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Types of polymorphism in C++

Polymorphism is defined as the process of using a function or an operator for more than one purpose. In other words, we can also say that an operator or a function can serve us in different ways.

For example

Let us say an operator '+' is used to add two integer numbers and it is also used to concatenate two strings.

Hence the '+' operator serves two purposes - adding and concatenation.

Now let us learn about types of polymorphism in C++.

Compile-time polymorphism

It is defined as the polymorphism in which the function is called at the compile time. This type of process is also called as early or static binding.

Examples of compile-time polymorphism

1) Function overloading

Function overloading is defined as using one function for different purposes. Here, one function performs many tasks by changing the function signature(number of arguments and types of arguments). It is an example of compile-time polymorphism because what function is to be called is decided at the time of compilation.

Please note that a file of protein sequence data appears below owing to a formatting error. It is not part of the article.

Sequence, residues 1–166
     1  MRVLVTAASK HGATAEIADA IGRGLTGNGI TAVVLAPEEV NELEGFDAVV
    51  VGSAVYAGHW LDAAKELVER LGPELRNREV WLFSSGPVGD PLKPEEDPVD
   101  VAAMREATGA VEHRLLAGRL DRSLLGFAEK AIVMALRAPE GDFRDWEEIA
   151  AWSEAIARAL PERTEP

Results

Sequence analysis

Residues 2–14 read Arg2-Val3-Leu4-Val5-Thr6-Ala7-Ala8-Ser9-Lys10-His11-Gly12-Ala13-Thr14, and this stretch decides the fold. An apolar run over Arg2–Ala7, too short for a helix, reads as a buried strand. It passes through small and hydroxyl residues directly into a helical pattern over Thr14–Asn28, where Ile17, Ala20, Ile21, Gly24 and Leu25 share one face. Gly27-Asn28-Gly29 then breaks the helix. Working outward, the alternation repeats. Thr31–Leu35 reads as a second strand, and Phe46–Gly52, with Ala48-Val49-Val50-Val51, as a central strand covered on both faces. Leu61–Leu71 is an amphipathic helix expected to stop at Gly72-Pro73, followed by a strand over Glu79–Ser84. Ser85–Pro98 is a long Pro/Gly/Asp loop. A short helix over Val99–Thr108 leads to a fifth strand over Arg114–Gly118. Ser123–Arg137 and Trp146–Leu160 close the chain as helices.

In the below code, we have taken a class Addition that performs the addition of two numbers and concatenates two strings. It has a function ADD() that is overloaded two times.

The function ADD(int X, int Y) adds two integers and the function ADD() with no arguments performs string concatenation.




Operator Overloading

Operator overloading is defined as using an operator for an addition operation besides the original one.

The concept of operator overloading is used as it provides special meanings to the user-defined data types. The benefit of operator overloading is we can use the same operand to serve two different operations. The basic operator overloading example is the '+' operator as it is used to add numbers and strings.

The operators , :: ?: sizeof cant be overloaded.


In the below example, we have overloaded '+' to add two strings.

An operator is overloaded by using the operator keyword with the operator to be overloaded.



The result of the addition of two objects is: Welcome to javatpoint

Run-time polymorphism

The run-time polymorphism is defined as the process in which the function is called at the time of program execution.

An example of runtime polymorphism is function overriding.

Function overriding

When we say a function is overridden it means that a new definition of that function is given in the derived class. Thus, in function overriding, we have two definitions of one in the base class and the other in the derived class. The decision of choosing a function is decided at the run time.


In the below example, a class animal has a function f() which is also in the derived class Man. When we call the function f() with the base object, it prints the contents of the base and with the derived object the content of the derived. Thus, choosing the function f() is decided on runtime.



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